The interior TPMS channel of a 3D kitten is injected with strong blue resin. The translucent rendered 3D kitten with optimized interior TPMS channel (leftmost), the 3D printed kitten sliced for visualization purposes of the TPMS channel structure (mid) and infill distribution (rightmost).
3D printed objects are rapidly becoming prevalent in science, technology and daily life. An important question is how to obtain strong and durable 3D models using standard printing techniques. This question is often translated to computing smartly designed interior structures that provide strong support and yield resistant 3D models. Nevertheless, computation and optimization of interior structures are challenging tasks that require careful design especially in presence of complex geometries and topologies. In this paper we suggest a combination between 3D printing and material injection to achieve strong 3D printed objects. We utilize triply periodic minimal surfaces (TPMS) to define novel interior support structures. TPMS are closed form and can be computed in a simple and straightforward manner. Since TPMS are smooth and connected, we utilize them to define channels that adequately distribute injected materials in the shape interior. To account for weak regions, TPMS channels are locally optimized according to the shape stress field. After the object is printed, we simply inject the TPMS channels with materials that solidify and yield a strong inner structure that supports the shape. Our method allows injecting a wide range of materials in an object interior in a fast and easy manner. Results demonstrate the efficiency of strong printing by combining 3D printing and injection together.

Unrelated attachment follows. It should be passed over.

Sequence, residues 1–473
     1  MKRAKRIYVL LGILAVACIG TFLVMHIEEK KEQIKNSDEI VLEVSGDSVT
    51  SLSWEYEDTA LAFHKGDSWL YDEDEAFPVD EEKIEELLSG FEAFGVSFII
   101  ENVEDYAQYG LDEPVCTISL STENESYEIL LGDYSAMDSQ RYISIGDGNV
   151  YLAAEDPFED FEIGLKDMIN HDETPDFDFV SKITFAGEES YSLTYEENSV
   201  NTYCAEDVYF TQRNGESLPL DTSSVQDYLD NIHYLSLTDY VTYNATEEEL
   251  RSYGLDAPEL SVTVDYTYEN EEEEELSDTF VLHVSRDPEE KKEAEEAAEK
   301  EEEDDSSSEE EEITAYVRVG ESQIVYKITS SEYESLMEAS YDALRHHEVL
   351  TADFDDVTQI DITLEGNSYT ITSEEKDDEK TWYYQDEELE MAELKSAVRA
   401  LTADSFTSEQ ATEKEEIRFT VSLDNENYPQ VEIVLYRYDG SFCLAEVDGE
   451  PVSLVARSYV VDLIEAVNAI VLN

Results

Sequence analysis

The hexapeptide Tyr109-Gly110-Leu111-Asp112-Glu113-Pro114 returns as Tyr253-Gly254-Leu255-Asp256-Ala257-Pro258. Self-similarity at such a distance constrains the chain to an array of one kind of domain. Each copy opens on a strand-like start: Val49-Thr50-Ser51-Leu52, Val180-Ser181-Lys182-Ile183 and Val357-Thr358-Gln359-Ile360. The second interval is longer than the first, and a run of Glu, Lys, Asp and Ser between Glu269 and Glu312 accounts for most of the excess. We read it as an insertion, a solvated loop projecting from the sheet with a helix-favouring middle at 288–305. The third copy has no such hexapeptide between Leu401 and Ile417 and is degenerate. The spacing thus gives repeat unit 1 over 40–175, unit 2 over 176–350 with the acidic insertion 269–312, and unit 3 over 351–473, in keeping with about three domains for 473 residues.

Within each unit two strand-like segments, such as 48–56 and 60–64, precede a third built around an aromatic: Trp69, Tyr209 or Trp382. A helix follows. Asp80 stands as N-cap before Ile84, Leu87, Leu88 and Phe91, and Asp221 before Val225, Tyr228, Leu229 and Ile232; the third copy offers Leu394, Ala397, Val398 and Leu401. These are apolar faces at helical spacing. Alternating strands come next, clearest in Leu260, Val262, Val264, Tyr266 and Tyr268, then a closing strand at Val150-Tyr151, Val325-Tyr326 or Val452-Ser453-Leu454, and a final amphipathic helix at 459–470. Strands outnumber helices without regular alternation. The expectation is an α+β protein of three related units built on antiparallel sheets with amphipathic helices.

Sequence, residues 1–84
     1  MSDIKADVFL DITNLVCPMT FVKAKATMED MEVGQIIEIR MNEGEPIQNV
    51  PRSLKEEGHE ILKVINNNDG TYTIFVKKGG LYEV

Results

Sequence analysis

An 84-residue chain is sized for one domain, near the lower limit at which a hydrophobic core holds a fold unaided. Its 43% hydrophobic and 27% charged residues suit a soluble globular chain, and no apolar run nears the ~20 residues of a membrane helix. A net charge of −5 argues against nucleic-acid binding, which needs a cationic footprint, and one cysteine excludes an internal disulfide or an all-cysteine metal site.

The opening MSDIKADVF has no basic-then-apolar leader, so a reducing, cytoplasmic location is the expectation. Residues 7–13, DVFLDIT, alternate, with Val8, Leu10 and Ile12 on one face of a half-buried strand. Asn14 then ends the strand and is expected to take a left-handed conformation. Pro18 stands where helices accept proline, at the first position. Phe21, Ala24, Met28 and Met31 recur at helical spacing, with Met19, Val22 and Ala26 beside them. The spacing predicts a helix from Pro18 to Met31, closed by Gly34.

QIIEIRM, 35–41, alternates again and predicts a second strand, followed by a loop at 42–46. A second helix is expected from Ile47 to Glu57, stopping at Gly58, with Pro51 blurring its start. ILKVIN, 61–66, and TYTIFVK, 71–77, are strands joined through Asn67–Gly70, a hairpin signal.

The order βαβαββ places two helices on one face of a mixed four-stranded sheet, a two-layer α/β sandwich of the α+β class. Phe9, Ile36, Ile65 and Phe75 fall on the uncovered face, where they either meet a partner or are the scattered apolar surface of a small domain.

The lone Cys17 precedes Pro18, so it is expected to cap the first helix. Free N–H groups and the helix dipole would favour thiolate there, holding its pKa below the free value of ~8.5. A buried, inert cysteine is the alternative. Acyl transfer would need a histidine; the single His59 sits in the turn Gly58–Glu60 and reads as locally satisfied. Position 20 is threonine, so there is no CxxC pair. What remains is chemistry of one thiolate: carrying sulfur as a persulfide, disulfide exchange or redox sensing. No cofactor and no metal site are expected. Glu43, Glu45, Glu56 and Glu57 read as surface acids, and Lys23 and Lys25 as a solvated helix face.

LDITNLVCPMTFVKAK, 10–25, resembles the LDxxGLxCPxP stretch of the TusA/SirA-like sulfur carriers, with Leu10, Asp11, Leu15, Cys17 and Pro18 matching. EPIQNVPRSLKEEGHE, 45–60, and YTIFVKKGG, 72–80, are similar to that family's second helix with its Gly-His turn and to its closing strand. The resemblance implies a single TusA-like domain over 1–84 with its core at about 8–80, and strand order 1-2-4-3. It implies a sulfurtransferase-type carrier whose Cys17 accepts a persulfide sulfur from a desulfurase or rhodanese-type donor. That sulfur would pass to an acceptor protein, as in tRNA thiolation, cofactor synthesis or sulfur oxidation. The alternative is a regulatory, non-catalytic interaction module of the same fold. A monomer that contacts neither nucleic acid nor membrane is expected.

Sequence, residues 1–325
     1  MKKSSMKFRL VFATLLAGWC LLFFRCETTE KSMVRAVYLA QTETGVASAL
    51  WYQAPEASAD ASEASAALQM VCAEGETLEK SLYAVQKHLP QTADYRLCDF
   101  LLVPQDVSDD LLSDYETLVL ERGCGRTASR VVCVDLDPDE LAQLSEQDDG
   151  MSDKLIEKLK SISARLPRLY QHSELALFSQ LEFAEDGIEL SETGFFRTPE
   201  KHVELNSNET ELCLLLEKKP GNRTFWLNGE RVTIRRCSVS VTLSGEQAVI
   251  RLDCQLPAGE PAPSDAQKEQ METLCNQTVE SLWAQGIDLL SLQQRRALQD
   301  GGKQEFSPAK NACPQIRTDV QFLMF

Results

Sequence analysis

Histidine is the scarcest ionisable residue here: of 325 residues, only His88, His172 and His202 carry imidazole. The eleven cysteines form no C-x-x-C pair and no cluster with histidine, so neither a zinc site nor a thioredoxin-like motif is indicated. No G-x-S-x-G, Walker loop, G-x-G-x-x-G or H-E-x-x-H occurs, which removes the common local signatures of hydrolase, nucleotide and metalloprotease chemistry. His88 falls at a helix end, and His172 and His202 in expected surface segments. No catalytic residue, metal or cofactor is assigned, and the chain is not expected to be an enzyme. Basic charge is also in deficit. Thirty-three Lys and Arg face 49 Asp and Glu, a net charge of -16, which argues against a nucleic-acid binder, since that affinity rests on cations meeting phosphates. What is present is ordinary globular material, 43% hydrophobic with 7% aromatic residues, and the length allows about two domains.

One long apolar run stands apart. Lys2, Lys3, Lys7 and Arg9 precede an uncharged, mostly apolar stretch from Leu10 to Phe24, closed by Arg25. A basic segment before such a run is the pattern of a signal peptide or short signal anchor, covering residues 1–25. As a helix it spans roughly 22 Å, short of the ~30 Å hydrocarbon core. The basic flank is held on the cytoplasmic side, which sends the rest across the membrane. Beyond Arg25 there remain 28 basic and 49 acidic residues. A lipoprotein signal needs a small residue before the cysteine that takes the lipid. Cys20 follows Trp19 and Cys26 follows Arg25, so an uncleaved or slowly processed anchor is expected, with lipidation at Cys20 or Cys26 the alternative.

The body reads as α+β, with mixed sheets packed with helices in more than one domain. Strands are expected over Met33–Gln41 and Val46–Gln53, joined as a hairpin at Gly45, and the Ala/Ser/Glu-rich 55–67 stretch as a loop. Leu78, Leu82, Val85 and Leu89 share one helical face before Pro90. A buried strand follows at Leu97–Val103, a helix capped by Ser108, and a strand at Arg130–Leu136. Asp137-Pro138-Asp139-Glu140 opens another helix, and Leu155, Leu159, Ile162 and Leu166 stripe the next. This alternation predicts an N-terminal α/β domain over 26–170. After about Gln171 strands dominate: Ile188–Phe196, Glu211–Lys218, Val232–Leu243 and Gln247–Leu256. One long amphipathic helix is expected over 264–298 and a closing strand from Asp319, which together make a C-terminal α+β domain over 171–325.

Load-displacement curves: TPMS channel injected with epoxy resin (red), TPMS channel printed in PLA (orange), topology optimization (blue) and honeycomb-cell  (green).
Experiments on the injected materials. We tested the strength for different compositions of the carbon fiber reinforced polymer (CFRP) and compare with the 3D printed material PLA.
3D printed models with TPMS channels inside. Some models are injected with blue epoxy resin. Some are left no injection for illustrating the channels.
We thank all the anonymous reviewers for their valuable comments and constructive suggestions. We thank Prof. Daniel Cohen-Or for his ideas and discussions. This work is supported by grants from National 973 Program (2015CB352501), NSFC (61572291), and Young Scholars Program of Shandong University (YSPSDU). Sharf’s work was partially supported by his ISF and GIF grants.